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Why Play Pot Limit
Comparing Pot-Limit
Poker's Ten
You Playing Style
How Deep Are You
Taking The Initiative
Drawing Hand's
Reading The Opponent
The Art of Bluffing
Betting The Bully
No Limit Play
All In Coups


Using The Material
Pot-Limit & No-Limit
Big-Bet Hold'em Q/A
Big-Bet Hold'em Q/A 5-10
Big-Bet Hold'em Q/A 11-20
Pot-Limit Omaha
Pot-Limit Omaha Q/A
Seven-Card Stud
Lowball Draw
Key Pot-Limit
London Lowball Q/A
High Low Split
High Low Split Q/A
Strip Deck Poker


        As a big-bet poker player, a higher standard of behavior is behavior is expected of you than in most low-stakes limit poker games. We are trying to mold you into a winning player. Show some class win cleanly and graciously. Be a pleasant opponent. Any or the activities given below are improper poker behavior, will make others resent your presence, and thus will cost you money. 

  1. At big-bet poker, the amount or money in front of an opponent has a very strong effect on how we play a hand. A player is entitled to accurate information in this respect. He may ask, “How deep are you,” and the recipient of this query usually states an approximate figure. Sometimes the queried person will lift his arms and let the opponent get a view of his chips, which is usually sufficient. It is improper to conceal large denomination chips behind smaller denomination chips, or any such action that would deliberately mislead an opponent as to the amount of money in front of you.

  2. Collusion between players in a game is prohibited, so player should avoid even the appearance of impropriety. Out of order are soft-play agreements, potting out, agreeing to save a sum of money before the flop, or any other action that builds an “us and them” attitude. Particularly bad is agreeing not to bet the opponent when a third person is all-in this is a form of cheating. You are really saying, “Let’s give ourselves a better chance to win the pot at the expense of this other guy.”
  3. It is considered impolite to ask to see an rival’s hand that one has just beaten in a pot. Besides being rude, in most cases you are giving the opponent another chance to find something he overlooked. Even if you are not the pot-winner, you should be careful that your query does not give a player a second shot at the  pot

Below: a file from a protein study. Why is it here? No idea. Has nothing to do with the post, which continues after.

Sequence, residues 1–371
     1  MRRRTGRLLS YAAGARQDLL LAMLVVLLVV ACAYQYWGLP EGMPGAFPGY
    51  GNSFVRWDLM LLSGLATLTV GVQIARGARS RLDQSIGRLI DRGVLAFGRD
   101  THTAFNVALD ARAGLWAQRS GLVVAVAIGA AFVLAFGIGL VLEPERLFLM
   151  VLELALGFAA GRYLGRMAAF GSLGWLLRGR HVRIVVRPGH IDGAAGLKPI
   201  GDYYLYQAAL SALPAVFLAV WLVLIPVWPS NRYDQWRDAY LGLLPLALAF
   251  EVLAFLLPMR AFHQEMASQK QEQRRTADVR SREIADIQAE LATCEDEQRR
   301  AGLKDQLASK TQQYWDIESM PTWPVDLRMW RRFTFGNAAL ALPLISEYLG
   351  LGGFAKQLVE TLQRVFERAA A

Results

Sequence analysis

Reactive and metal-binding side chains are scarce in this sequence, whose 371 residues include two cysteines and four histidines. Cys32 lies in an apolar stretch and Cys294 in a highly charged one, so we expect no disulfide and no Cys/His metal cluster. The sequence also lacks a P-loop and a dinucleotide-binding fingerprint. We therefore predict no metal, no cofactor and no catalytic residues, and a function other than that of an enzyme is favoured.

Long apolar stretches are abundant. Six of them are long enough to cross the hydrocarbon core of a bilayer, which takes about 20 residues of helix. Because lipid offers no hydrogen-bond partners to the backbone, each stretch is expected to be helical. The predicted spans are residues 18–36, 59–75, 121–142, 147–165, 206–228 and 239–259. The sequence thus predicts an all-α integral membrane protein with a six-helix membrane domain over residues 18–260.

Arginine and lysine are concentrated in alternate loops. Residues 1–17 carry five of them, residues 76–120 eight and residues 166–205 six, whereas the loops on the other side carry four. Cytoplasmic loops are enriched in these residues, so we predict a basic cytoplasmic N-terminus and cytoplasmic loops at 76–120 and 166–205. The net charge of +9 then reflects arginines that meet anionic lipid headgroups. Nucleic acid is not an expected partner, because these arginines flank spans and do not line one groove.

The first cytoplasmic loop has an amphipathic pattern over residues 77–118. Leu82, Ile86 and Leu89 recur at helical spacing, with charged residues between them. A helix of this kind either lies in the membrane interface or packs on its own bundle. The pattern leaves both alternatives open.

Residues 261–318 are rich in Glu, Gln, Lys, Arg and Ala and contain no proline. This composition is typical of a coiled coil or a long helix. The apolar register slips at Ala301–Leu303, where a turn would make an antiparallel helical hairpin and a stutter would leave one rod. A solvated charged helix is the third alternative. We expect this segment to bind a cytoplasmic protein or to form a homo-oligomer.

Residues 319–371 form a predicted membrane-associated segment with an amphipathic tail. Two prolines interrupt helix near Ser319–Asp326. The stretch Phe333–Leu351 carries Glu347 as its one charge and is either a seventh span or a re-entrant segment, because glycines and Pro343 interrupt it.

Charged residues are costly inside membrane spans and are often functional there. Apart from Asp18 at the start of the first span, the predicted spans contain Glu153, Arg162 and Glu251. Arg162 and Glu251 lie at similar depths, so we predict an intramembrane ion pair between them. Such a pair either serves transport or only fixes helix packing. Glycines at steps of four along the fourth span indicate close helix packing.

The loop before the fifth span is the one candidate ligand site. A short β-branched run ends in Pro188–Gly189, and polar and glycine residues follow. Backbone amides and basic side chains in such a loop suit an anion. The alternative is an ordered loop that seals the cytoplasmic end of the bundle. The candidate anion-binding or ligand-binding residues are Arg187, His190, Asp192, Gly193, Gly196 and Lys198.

I remember a pot-limit omaha poker game as Caesar’s Palace in Las Vegas that took place during a “Super Bowl of Poker” tournament. I flopped the under-full in a three-way pot that eventually totaled about $8,000. At the showdown one of my opponents tabled a full house. As the other one started to throw his hand away, I asked him, “What were your kickers?” I was curious how much duplication there was between my opponents’ hand. The person to whom I made this stupid inquiry halted his discarding and showed his hand. One of his kickers matched a boardcard and made him a bigger full house. The poor fellow who lost the eight grand because of my mouth reminds me of this incident whenever I run into him at a poker tournament. It is not a fond memory; I still am embarrassed about it. Please don’t ask to see a hand until it has been released into the muck.
  4. A player should always make his actions clear. If you put a big chip into the pot for a call, say “call.” Even though there is a rule that if you do not say “raise” it is a call, don’t leave anyone wondering about your intention. Learn to cut chips into the pot so your bet is neatly stacked and easily readable.
  5. Smoking will not boost your popularity. A good player is always interested in getting an invitation to a new game. While there is such a thing as a “polite smoker,” he still is not as welcome as a polite nonsmoker.
  6. Most players do not like a short-handed game. A player who is frequently absent hurts a game and will create resentment.
  7. A motor-mouth will be unpopular. Some talking is of course okay, but yakking loudly while some poor fellow facing a big bet is trying to decide what to do is certainly poor form. Do your conversing between hands. Doubly bad is endlessly discussing how a hand should have been played.
  8. Any activity interfering with your obligation to act promptly on your hand, such as heated discussions or newspaper reading, I inappropriate. Please pay attention to the game. 
  9. The responsibility for your result including a bad one is your own. The dealer is not the cause. You either played badly or were unlucky. It is disgusting to see a player make a serious error and start chastising the dealer after hand.
  10. On occasion an opponent does something so dumb you could not have anticipated such a play, causing you to make a misjudgment. Please say absolutely nothing.


Tournament Strategy
Shorthanded Play


Poker History
Pot-Limit Rules
Dealing Big-Bit Poker
The House Charge
Ethics & Courtesy
Internet Poker


implied-odds-probability-poker.htmlFiguring The Odd's
Percentage Table

Odd's For Hold'em
Special Odd's Table
High-Low or Better